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Chelsea drop points at Liverpool, but rivals' woes will hand them the title

LIVERPOOL, England -- Chelsea might have dropped two points at Anfield in Tuesday's 1-1 draw, but there is now a growing sense of inevitability about the Premier League trophy returning to Stamford Bridge this season.

Even though they slipped up in the title race -- and a draw away at Anfield is hardly the most damaging result for a team pursuing the championship -- Chelsea still found themselves enjoying a good night, with Arsenal losing 2-1 at home to Watford and Tottenham held to a 0-0 draw by Sunderland at the Stadium of Light.

The last time Antonio Conte's team dropped points, losing 2-0 at Tottenham on Jan. 4, the blow was cushioned by both Arsenal and Liverpool failing to win their own fixtures in the same round of games. If anyone is to reel Chelsea in, they need to capitalise on those occasions when momentum is halted, but Conte's men are leading a charmed life at the top of the table and are beginning to approach the point where the rest will start to focus on finishing second.

"The best thing is to see ourselves, not the others," Conte said. "We stay top of the table, and that is a great achievement, but it is important to focus on ourselves.

"There are 15 games remaining and 45 points. It's important to draw against a really good team, and now we must focus on playing Arsenal next week. But we must be happy with the result and the performance because it is not easy to play away at Liverpool."

Chelsea have already travelled to Arsenal, Manchester City and Tottenham this season, with Liverpool now ticked off the list of hazardous road trips en route to the title. Aside from a trip to Manchester United in mid-April, by which time the title might be within touching distance, Chelsea can look ahead to a comfortable run-in as they attempt to claim their fifth Premier League title. But they have earned the right to cruise to the finishing line, having overcome those two heavy defeats against Liverpool and Arsenal in the autumn to build their commanding lead at the top.

Chelsea are now nine points clear of the pack, with none of their so-called title rivals showing any signs of the consistency required to overhaul them. There have been some spectacular collapses by Premier League leaders over the years, with Newcastle United famously surrendering a 12-point lead in mid-January of 1996 to finish as runners-up to Manchester United.

United have also seen commanding leads eroded by Arsenal and Manchester City, in 1998 and 2012, respectively, but none of the current chasing pack looks capable of catching Chelsea, never mind overtaking them, and Arsenal's hopes will be dead and buried if they fail to emerge from Stamford Bridge with a positive result Saturday.

But Chelsea's lead is not simply due to the shortcomings of their closest challengers. Conte's team are a formidable unit with quality in every department, and though they allowed Liverpool to overturn their 1-0 lead to claim a 1-1 draw, they were the dominant team at Anfield.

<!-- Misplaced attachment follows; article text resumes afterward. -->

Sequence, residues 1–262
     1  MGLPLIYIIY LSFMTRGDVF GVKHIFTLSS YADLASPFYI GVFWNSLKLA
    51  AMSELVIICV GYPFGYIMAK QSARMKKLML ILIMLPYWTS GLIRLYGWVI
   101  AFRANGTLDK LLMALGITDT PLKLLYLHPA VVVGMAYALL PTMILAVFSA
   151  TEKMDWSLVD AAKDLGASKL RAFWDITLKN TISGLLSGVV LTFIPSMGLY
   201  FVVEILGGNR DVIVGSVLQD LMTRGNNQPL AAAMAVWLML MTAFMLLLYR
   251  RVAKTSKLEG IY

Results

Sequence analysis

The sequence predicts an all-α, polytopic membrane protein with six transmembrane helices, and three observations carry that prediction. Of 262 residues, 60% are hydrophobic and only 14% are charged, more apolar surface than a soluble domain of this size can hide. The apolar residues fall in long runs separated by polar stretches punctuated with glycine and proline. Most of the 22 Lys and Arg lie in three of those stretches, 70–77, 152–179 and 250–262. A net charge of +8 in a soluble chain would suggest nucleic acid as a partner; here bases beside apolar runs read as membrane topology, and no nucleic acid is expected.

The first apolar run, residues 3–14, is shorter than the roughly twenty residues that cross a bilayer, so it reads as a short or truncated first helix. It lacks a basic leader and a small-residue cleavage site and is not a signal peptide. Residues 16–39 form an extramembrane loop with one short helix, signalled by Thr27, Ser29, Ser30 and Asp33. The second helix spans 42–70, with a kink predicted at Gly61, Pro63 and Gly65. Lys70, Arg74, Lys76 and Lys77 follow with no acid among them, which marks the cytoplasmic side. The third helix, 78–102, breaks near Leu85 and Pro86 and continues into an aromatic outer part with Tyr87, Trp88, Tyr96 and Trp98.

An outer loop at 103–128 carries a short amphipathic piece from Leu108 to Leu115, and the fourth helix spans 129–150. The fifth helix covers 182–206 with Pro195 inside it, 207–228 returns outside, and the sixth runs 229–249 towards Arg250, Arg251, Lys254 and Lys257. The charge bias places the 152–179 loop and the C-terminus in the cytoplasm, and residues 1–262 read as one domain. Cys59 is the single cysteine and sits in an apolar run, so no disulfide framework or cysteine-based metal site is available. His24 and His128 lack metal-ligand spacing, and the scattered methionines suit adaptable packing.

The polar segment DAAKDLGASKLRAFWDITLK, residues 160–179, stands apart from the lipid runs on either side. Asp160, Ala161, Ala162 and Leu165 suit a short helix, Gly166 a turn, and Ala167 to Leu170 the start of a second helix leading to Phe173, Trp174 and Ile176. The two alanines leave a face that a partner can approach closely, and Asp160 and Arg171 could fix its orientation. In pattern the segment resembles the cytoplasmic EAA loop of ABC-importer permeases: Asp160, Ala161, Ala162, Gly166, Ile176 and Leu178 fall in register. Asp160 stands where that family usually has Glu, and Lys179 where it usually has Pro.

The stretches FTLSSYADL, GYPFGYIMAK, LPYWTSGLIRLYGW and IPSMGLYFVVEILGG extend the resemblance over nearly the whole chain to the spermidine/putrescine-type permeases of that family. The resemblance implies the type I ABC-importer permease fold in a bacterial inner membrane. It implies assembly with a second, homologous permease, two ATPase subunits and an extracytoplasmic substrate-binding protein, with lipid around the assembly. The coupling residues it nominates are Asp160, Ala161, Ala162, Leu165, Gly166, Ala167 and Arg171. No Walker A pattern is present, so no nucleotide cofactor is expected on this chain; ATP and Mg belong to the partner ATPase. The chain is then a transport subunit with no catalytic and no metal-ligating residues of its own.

Chelsea's three-man defence, organised in superb fashion by goal scorer David Luiz, was resolute before and after the moment Georginio Wijnaldum headed in James Milner's flick to equalise early in the second half. N'Golo Kante was outstanding in midfield, while Diego Costa was a constant menace to the Liverpool defence. The Spain forward won a soft penalty (subsequently saved by goalkeeper Simon Mignolet) after making the most of a challenge by Joel Matip, but his constant running and movement emphasised why he is the Premier League's leading goalscorer.

Liverpool appeared a shadow of their more rounded opponents, with Jurgen Klopp's histrionics on the touchline infecting his players with anxiety and emotion, albeit the negative kind that leads to rash decisions and rushed passes. Although Liverpool failed to win, they at least stemmed the tide of successive home defeats and avoided the ignominy of losing four successive games at Anfield for the first time since 1923.

With Tottenham and Arsenal the next two visitors in the league, Liverpool clearly still have a difficult route to get back on track, but if their morale is boosted by this result, then Klopp's team might yet emerge as the favourites to finish second.

"I said before the game, and people didn't like it, but this wonderful, powerful club needs to keep its nerves," Klopp said. "Not everything is bad because we lose. This team is outstanding in attitude, so let's do the best we can and see where we end up at the end of the season.

"The results tonight were good for us, but we must continue to fight. We must now just play 15 games with all we have. We have a chance, so go for it."

They must rediscover the form and goals of the early months of the season, but with Arsenal and Spurs unexpectedly dropping points, the door has indeed opened for Liverpool once again. The biggest beneficiaries of the chasing pack's jitters could yet be City and United, who currently sit in fifth and sixth.

City will move level on points with fourth-place Liverpool with a win at West Ham on Wednesday, while United can move to within two points of the top four if they defeat bottom-club Hull City at Old Trafford. Both City and United are now embarking on a soft run of fixtures, with clashes against the top four conspicuous by their absence in February. City face a tough March, but United don't meet a top-four team until Chelsea visit in April.

The race really is on for second, third and fourth, and as far as the title is concerned, Chelsea can begin to make space in their trophy cabinet. They can watch from the summit as the rest scramble for silver and bronze.